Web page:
7-Year-Old Rapper From D.C. Creates Song About Youth Slain By Gun Violence "Stop killing us fools / I'm speaking the truth / And I'm talking for the youth / Makiyah, Davon, and baby Melo too," raps Rasheed "DK A Dangerous Kid" Austin in "I Ask Why."
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NPR logo 7-Year-Old Rapper From D.C. Creates Song About Youth Slain By Gun Violence

7-Year-Old Rapper From D.C. Creates Song About Youth Slain By Gun Violence

The rapper behind the song is 7-year-old Rasheed "DK A Dangerous Kid" Austin, whose music video went viral after releasing in early January for its clear message: "People should stop killing kids," says Rasheed. Courtesy of Rarketta Austin/ hide caption

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Courtesy of Rarketta Austin/

The music video for the song "I Ask Why" starts with scenes of young Black children playing on playgrounds or getting off school buses. One of those children raps lyrics about past shootings in the District involving children.

"Time to grow up / Stop killing us fools / I'm speaking the truth / And I'm talking for the youth / Makiyah, Davon, and baby Melo too," the child says.

The rapper behind the song is 7-year-old Rasheed "DK A Dangerous Kid" Austin, a resident of Kenilworth in D.C. After his music video was shared earlier this month on the Instagram page DMVHoodzAndNewz, it quickly racked up more than 20,000 likes.

Rasheed's song has a clear message. "People should stop killing kids," he says.

His lyrics refer to real-life victims of gun violence in D.C. In 2018, 10-year-old Makiyah Wilson was shot and killed in the Clay Terrace neighborhood in Northeast D.C. while buying ice cream. Eleven-year-old Davon McNeal was killed in gunfire during a Fourth of July celebration in Cedar Gardens. In December, Carmelo Duncan, a 15-month-old boy, was shot and killed in D.C. while riding in a vehicle, making it the third shooting of a juvenile in D.C. that week.

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Austin says that Duncan's killing led him to write the song, with a message that kids should be able to grow up.

"When me, my sister, [and] mom were playing board games in the house, and then the news came on and they showed baby Melo, it made me feel some type of way," says Rasheed.

Rasheed's mother, Rarketta Austin, says she and his 11-year old sister, Zoey, suggested that Rasheed create a song. Rasheed has been rapping since age three, and comes from a musically talented family. It's not uncommon for a typical family gathering to include rap battles and freestyles in the living room.

"Everything Rasheed [raps], I write it down so that he won't forget it," says Rarketta, 31.

She says his consciousness about the world never ceases to amaze her. She was shocked when her son said the lyrics, "You dudes blind eyed? / Shooting killing babies in bibs"

"I just couldn't believe it because of his age, his wisdom, and that's what's really going on in the world," she says.

Her brother, Rashad Austin, who's the "MC of the family," helped slightly tweak some lyrics. "Rasheed said, 'COVID on the line' and my brother changed it to 'COVID stopping time,'" Rarketta says.

Rasheed recorded his song at Push Play Association in Suitland. Courtesy of Rarketta Austin/ hide caption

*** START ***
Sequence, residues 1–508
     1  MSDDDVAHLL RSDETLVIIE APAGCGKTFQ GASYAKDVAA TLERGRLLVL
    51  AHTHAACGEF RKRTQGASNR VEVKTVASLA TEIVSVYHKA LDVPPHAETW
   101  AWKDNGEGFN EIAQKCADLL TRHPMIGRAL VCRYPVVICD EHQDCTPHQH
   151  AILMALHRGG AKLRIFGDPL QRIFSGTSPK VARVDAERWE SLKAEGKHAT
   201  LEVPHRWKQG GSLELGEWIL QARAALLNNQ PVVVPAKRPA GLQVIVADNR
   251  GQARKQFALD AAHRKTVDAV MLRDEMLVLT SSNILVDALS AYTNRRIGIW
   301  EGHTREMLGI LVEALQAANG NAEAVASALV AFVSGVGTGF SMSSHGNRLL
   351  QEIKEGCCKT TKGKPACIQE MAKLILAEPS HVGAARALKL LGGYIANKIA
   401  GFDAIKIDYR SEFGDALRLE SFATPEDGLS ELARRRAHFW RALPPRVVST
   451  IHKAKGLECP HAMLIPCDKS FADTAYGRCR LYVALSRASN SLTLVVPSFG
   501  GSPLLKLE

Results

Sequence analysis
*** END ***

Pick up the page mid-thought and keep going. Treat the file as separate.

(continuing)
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Courtesy of Rarketta Austin/

After a week, the song was written, and Rasheed went to Push Play Association in Suitland, the studio owned by his cousin, Deundre Austin, to record.

Deundre has his own musical background, inspired by his brother's pursuit to build a record label. His brother, Delonte Austin, started a record label, Thug For Life. But he was shot while in his car at the age of 16 and paralyzed. Twenty years later, in 2017, he fell into a coma and died.

The producer of Rasheed's song is Jawaun "Push Play Wuan" Price, 20. Price also helped to film and edit the video, and reached out to media outlets to help publicize the song.

Price and Deundre say that gun violence has impacted them as well. Most of Price's family is incarcerated because of gun-related charges, and he experienced housing insecurity for several months as a result. In September 2020, he moved in with Deundre.

Music is an outlet for Price, who says he likes to "hear and produce real raw music," which he sensed when working with Rasheed. "He really feels the emotion," says Price.

The song was produced in two days, and Rasheed told Price that he wanted the music video to include an ice cream truck because "kids like ice cream." Price says he was surprised that Rasheed was so assertive about what he wanted.

Price decided on the playground to reflect that "kids are being killed everywhere." He chose to film at 37th place in Suitland because it was the site of "a lot" of deaths by gun violence, he says. Among them, Douglas 'Swipey' Brooks, a rapper, was shot and killed in 2016 outside a home in the 3600 block of Parkway Terrace Drive in Suitland.

The song comes after a year when gun violence in D.C. soared. In 2020, the city recorded 198 homicides, a 21% increase from 2019 — and the highest body count in D.C. in 15 years. The pandemic has complicated violence interrupters' efforts in the city because there's greater need due to layoffs and lack of access to food. The interrupters are trying to stop people from resorting to "desperate measures."

Price hopes the project helps people understand that "[gun violence] is not worth it. There's always a consequence."

For Rasheed's part, he says he "just want[s] everyone to be safe." The next track that Rasheed wants to work on is about being Muslim."I want people to know I'm Muslim," he says.

Price will be helping him with the project and says that Rasheed "has a team behind him, and he knows that."

This story is from DCist.com, the local news website of WAMU.

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